As the pandemic has trended toward an endemic state, with widespread vaccination availability, fewer restrictions on businesses, and schools shifting back to in-person learning, we have seen the labor market respond by adding jobs at a faster pace in recent months. For example, according to the Bureau of Labor Statistics, in April 2022, 428,000 payroll jobs were added on net, and women accounted for almost two-thirds of the gain—65 percent to be exact. Still, the employment of women has not recovered to the extent that it has for men over the past two years. As of April 2022, employment is still 1.9 million jobs lower than it was in February 2020, and women have accounted for the majority of that shortfall. In fact, as of April 2022, women represented almost 60 percent of the net employment loss even though they accounted for only 47 percent of prepandemic employment. 1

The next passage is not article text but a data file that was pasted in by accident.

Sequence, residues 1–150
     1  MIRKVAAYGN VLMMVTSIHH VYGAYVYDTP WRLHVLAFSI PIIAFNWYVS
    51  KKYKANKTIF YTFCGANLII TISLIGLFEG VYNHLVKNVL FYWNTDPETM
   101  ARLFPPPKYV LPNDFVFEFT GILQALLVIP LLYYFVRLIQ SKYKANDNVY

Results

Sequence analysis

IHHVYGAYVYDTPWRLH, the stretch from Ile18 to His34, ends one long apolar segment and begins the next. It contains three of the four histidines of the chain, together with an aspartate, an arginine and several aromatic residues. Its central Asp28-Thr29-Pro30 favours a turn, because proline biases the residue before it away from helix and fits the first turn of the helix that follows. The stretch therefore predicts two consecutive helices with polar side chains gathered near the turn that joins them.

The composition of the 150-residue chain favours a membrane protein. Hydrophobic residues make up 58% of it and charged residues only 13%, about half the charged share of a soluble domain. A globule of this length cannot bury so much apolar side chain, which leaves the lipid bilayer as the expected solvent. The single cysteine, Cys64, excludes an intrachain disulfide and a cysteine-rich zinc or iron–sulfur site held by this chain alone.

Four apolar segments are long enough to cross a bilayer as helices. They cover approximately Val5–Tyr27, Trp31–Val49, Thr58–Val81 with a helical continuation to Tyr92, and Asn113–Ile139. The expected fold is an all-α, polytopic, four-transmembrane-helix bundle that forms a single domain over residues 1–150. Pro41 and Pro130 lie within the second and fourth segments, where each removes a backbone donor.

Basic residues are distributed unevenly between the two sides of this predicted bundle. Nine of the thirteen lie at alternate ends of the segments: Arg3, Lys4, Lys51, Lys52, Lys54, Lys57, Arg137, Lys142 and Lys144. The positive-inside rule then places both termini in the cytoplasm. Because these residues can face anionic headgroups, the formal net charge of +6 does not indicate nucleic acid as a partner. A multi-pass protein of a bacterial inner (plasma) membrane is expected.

With the aggregate unemployment rate at 3.6 percent in April, just one-tenth higher than the unemployment rate of 3.5 percent in February 2020, the labor market overall is strong. But when we disaggregate the data and look at the experiences of women, and in particular Black women, a somewhat different story emerges. From March to April, the Black unemployment rate fell from 6.2 percent to 5.9 percent, but that is still more than 60 percent higher than the national unemployment rate of 3.6 percent. For Black women, the April 2022 unemployment rate is 5 percent, down a half point from March 2022 but still significantly higher than the national rate. This points to positive month-over-month improvement, but it still far lags national trends. If we look below the topline numbers, we can see trends for specific populations and get a sense of their experience in the labor market, an experience that might otherwise get lost in the headlines. For example, historically Black unemployment rates have consistently been higher than the national unemployment rate. If we look at a few major moments just before the pandemic and over the last two years of the pandemic, we see that Black unemployment is on average 1.5 times higher than the national rate (see the table).